According to a United Nations study, every day, the equivalent of 2,000 garbage trucks filled with plastic is dumped into the world’s oceans, rivers and lakes. It’s a villainous looking plastic face. And rightly so. That is the story of single use plastic. It’s no surprise that governments around the world are trying to reduce the amount of plastic waste.
There is another side to the story for plastics – a story of clear steps in the direction of eco-friendliness and sustainability. For one thing, plastic is lighter than metal without sacrificing strength. They can be used in industrial applications without the need for lubricants, and when properly planned, they can be recycled at the end of their life.
Lightweight saves fuel
Reducing the weight of vehicles can have a huge impact on fuel consumption. As car makers are under constant pressure to increase miles per gallon, every time makes a difference. „The most important topic is the difference in weight between metal and plastics. Plastics are lighter. This is a unique selling point for us,” said Stephan Lueckmann Rittich, head of the bearings business at igus. Design news. “When you look at electric cars, you can reduce weight with plastic. A metal bushing is five times heavier than a plastic bushing. If you have a lot of bushing, you can reduce the weight of a car. It reduces the electricity or fuel required to drive the car. Saving weight can save a lot of money and a lot of CO2 over the life of the car.
This issue is a major concern in the space industry. Some experts estimate that every pound of an airplane’s weight, including crew, passengers, baggage, and aircraft, adds up to approximately $10,000 in annual fuel costs. „Weight is a major factor in airplanes. In a typical business class seat, there are at least four bearings,” said Lukeman Rittich. „If you have 200 passenger seats and you can save half an ounce of weight per seat, you can save tons. The lighter weight of plastic reduces the fuel needed to fly.
Another area where plastics can improve the environment is lubrication. Metal bearings require lubricants that are harsh on the environment. Well-designed plastic bearings eliminate the need for lubricants. „Another aspect of sustainability for plastic bearings is the lack of need for lubricants. Metal bearings require lubricants, and our plastic bearings do not require lubricants,” said Lukeman Rittich. If.”
A metal bearing may require substantial lubricants throughout the life of the component. „When a bearing needs to be re-greased repeatedly, it can have a significant impact on the life of the bearing,” Lukeman Rittich. „We’re getting close to the point where there are restrictions on the use of lubricants in the field because of the lubricants going into the soil.”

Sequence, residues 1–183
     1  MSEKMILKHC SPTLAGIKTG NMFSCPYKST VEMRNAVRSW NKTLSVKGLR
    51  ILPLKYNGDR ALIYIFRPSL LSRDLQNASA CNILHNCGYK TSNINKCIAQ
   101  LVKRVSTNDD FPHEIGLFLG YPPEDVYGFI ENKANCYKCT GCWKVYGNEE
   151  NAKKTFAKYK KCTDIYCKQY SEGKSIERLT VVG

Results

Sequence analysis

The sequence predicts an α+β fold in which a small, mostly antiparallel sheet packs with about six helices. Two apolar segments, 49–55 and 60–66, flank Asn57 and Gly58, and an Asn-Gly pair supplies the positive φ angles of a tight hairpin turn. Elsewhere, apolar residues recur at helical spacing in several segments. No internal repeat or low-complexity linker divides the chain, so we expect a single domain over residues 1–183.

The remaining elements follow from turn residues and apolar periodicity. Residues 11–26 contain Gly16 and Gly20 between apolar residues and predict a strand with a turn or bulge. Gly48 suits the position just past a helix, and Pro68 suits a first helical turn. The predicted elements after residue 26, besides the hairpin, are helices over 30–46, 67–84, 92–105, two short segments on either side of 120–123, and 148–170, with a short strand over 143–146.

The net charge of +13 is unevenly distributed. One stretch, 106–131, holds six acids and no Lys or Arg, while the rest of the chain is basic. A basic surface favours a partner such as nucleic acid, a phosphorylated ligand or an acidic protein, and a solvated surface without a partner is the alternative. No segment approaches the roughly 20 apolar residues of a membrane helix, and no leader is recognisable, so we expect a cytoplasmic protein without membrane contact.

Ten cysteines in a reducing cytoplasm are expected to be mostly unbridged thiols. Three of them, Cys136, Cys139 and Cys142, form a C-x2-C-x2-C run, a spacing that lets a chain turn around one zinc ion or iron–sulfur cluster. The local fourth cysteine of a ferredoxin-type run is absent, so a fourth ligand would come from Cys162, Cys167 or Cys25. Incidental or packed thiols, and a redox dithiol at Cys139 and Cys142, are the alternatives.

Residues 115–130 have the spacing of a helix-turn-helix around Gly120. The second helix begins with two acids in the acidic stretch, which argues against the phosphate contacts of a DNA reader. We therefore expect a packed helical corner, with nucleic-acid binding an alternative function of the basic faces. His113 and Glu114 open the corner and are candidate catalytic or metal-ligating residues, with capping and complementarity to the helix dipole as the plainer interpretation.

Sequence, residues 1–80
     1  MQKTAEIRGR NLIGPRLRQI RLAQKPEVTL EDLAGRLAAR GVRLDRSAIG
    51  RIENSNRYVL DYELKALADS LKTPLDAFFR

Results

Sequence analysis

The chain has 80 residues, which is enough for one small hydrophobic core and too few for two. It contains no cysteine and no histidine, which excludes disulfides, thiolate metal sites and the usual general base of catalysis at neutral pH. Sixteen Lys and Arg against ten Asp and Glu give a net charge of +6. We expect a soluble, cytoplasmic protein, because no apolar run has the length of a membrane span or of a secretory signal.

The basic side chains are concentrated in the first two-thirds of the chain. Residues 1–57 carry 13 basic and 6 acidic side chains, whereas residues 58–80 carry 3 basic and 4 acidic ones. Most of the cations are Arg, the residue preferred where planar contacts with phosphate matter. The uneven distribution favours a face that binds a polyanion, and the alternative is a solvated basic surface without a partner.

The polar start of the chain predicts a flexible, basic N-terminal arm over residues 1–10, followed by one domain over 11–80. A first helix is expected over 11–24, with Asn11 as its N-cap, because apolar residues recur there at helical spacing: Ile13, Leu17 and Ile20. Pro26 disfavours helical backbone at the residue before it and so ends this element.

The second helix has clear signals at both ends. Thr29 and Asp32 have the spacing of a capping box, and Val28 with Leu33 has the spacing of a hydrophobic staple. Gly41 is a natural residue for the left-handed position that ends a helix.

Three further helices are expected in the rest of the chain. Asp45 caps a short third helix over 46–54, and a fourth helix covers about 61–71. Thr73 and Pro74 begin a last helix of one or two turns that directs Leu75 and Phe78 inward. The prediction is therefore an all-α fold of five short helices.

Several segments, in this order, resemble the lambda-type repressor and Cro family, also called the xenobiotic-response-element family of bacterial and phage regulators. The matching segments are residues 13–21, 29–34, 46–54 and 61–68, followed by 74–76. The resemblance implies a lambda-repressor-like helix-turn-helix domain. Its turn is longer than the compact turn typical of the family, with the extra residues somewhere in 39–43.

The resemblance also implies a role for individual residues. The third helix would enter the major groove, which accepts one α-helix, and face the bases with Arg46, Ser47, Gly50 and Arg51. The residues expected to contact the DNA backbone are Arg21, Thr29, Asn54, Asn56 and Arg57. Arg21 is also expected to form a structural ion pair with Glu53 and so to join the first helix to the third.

Recycling completes the circle
Plastic waste can have a significant negative impact on the environment. When plastics reach the end of their service life – often after a quick use – they end up in incinerators or in rivers, lakes and oceans. igus is working to counter this with its „Chainge” recycling platform. The company invested in Surplus, a start-up based in Hamburg, Germany. The companies have a collective vision to close the plastic cycle with recycled materials from technical and sustainable thermoplastics.
The CHANGE project has demonstrated that a circular economy can be easily achieved, which requires new recycling material options. In early 2019, igus executives recognize this need and help customers recycle unused energy chains, regardless of manufacturer.
In October 2022, the Chainge online platform was created to provide easy digital access to recycling. The market can now be used to add technical plastics to the circular economy. It enables processing companies to procure recycled plastics with guaranteed quality standards. This change makes it easier to achieve the declared recycling quota. To further advance the digital circular economy, igus invested in Surplus.
Cirplus provides disposal companies, recyclers and product manufacturers with a digital marketplace where they can purchase standardized recyclables in a reliable, traceable, cost-effective manner – globally. Cirplus was responsible for launching DIN SPEC 91446 and DIN SPEC 91481 as the world’s first standard for high quality plastics recycling. The drive is to create reliable, transparent supply chains for plastic recycling through digitization and standardization. „Our efforts to expand our operations and make them accessible to everyone led us to work together with Surplus,” said Michael Blass, CEO of igus. „With this investment, we are setting a precedent for people to think about sustainability and create a network that can move more.
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